Household Internet of Things (IoT) devices risk being weaponised, delegates at the World Economic Forum Global Risks Report launch have been told.
Experts warned that technology companies are focusing on innovation at the expense of cybersecurity. John Drzik, President of Global Risk and Specialities at Marsh, said there was a possibility now that cybercriminals could hack a smart thermostat. It raises the risk that hackers could be able to turn up the heating until their occupants paid a ransom to unlock it.
"You think what could be done with smart thermostats if you have malicious aim in life. It's beyond science fiction now, it's happened," said Drzik.
"Manufacturers aren't thinking about cybersecurity when they are building [a device]. They are thinking: 'How are I going to connect this to the Internet and supply the convenience to the household and make sure the thing works.' They weren't thinking 'I've just widened the attack surface in this household for cybersecurity.' That's where there is a governance gap right now."
Drzik said automated cars was another sector where risk was not being considered."'Say if automated cars reduce the number of car fatalities on US roads from 40,000 to 20,000. You are not going to get 20,000 'thank yous' as a result. With machine error rather than human error, who owns the liabilities?"
The same problem applies to use of commercial drones, he added. 'What if one of these things flies around and crashes into you. Who is responsible? Is it going to be the company using it? The company that built it? The software developer who built the intelligence within it? It's unclear right now. You have these black box decision-making things that you are using somewhere in your business. Who is responsible? It could be whomever has the deepest pockets. And that's where if you're a big business you really have to worry. It may not be your technology. It doesn't matter, they [third-party companies] are using it. And so, it's a little unclear.'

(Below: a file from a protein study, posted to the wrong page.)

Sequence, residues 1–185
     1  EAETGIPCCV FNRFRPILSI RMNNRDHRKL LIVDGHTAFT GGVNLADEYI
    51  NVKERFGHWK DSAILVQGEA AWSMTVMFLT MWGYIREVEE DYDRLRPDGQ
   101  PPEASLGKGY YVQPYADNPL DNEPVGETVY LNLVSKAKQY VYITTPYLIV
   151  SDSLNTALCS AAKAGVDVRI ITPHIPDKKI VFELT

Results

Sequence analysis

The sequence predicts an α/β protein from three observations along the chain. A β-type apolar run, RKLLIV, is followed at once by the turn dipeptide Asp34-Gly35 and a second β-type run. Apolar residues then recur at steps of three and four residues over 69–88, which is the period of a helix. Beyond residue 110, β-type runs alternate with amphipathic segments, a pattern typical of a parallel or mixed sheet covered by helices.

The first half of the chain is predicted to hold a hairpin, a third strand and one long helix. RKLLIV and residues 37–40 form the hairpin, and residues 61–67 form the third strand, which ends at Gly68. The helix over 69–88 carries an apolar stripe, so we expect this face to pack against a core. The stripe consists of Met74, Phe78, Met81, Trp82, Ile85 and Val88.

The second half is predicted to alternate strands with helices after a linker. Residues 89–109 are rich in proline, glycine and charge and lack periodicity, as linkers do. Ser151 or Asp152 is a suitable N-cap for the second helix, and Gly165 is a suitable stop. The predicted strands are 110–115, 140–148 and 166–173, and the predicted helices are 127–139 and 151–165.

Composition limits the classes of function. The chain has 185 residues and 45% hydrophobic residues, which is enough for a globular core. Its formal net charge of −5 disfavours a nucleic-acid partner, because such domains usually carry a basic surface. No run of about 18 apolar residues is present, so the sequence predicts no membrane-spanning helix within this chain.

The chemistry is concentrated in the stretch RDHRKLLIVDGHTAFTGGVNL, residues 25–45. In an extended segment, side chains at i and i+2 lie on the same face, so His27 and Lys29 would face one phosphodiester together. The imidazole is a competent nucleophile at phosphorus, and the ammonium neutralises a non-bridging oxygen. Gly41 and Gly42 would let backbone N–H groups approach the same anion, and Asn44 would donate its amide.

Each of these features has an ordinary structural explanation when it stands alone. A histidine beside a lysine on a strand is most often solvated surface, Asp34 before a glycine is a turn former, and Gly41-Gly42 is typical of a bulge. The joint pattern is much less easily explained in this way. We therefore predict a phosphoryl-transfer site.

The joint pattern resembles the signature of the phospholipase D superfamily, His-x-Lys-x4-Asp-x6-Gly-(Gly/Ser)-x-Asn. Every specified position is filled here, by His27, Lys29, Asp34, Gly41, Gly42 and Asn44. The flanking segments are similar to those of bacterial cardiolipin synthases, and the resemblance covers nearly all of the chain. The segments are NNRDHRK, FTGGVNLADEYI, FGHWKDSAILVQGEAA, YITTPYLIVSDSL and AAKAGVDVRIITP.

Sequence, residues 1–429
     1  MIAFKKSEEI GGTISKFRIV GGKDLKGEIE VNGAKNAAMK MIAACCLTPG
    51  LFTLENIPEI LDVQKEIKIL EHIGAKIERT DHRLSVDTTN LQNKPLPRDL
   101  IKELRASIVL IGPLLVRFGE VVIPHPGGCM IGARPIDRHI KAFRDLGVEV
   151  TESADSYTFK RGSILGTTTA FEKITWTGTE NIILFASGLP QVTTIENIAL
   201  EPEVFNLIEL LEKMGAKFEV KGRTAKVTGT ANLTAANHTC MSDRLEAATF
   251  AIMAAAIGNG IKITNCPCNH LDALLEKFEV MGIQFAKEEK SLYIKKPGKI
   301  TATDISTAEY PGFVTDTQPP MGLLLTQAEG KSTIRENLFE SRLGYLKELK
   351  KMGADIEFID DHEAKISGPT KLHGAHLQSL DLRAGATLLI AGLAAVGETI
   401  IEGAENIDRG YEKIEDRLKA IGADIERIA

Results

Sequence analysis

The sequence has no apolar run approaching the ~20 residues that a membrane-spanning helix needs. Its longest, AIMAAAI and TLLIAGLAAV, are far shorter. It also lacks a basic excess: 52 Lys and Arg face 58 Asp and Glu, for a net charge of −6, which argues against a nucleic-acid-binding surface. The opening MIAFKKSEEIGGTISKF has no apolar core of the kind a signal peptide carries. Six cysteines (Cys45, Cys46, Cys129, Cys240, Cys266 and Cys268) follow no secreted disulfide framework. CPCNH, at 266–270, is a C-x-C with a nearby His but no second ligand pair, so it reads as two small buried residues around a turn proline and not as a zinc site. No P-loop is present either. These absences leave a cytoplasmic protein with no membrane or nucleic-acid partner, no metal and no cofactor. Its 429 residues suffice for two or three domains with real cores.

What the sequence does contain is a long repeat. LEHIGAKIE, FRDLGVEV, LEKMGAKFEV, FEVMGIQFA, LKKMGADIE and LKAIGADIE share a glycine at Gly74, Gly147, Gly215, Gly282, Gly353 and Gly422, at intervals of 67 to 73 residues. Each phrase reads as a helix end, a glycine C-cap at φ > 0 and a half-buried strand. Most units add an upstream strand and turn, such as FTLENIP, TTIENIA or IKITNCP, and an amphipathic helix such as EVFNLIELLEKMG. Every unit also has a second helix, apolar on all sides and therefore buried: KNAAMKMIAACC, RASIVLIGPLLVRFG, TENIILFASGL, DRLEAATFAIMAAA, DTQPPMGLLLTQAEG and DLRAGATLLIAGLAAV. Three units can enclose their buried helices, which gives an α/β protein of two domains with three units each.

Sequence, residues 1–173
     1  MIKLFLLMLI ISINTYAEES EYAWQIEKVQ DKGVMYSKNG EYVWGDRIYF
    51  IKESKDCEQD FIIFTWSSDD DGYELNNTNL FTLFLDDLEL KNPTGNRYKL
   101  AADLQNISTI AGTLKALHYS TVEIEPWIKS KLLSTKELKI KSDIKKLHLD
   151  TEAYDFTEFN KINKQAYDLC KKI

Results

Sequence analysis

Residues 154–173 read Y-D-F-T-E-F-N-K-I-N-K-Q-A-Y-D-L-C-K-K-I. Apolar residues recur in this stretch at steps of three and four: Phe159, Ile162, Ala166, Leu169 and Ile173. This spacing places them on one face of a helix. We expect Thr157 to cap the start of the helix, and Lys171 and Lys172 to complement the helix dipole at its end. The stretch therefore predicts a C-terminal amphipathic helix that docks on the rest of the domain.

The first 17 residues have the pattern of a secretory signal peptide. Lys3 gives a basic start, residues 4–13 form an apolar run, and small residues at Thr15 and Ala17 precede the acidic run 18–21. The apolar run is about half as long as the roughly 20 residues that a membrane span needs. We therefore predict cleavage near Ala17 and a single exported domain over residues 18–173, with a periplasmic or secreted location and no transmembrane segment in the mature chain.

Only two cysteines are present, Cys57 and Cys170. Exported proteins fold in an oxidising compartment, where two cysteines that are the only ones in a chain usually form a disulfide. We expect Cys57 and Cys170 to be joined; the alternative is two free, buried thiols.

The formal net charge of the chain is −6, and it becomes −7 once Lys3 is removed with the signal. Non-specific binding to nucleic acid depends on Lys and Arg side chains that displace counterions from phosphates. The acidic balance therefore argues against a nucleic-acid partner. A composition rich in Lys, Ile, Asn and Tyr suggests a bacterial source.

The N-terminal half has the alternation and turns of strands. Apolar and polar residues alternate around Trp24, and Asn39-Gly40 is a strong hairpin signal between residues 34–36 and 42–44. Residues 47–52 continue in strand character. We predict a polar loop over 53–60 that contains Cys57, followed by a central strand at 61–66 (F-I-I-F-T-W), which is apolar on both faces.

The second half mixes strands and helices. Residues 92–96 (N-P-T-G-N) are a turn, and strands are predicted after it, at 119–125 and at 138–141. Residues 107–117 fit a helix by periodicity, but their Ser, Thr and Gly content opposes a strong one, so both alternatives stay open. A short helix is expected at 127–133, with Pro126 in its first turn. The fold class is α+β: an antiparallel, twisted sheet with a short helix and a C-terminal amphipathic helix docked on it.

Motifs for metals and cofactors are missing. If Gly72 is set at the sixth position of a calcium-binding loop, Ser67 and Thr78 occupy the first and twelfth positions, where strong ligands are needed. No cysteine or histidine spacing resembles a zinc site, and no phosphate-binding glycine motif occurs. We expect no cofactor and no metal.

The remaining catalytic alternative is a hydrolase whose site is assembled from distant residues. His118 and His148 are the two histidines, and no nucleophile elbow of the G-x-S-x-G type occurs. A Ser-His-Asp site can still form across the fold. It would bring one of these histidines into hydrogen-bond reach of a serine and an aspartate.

The world's most pressing risks will be discussed at the WEF annual forum in Davos between 17-20 January. The report warns of the potential risks associated with letting greater decision-making powers move from human to AI programmes – and the impact of this technology on employment.
But Drzik said it was important not to let concerns over risk cloud the potential of AI in terms of reducing cost and buying productivity.
He pointed to moves by global miner Rio Tinto in Australia using trucks controlled 750 miles away from where there are being used, adding that AI is already having an impact in white-collar industries too.
"You think about machine-learning algorithms making better credit decisions for banks, making better underrating decisions for insurance companies. But also healthcare. You've seen demonstrations of great AI – diagnostic tools that can diagnose mental problems by bringing together patterns from a richer dataset that any individual doctor is going to have.
"So it's fantastic stuff. Maybe this technology has the potential to diagnose some disease that you or I may have – that no doctor can get to because they haven't seen it before; but somebody has the world has, and it's been built into their database. And the AI does it."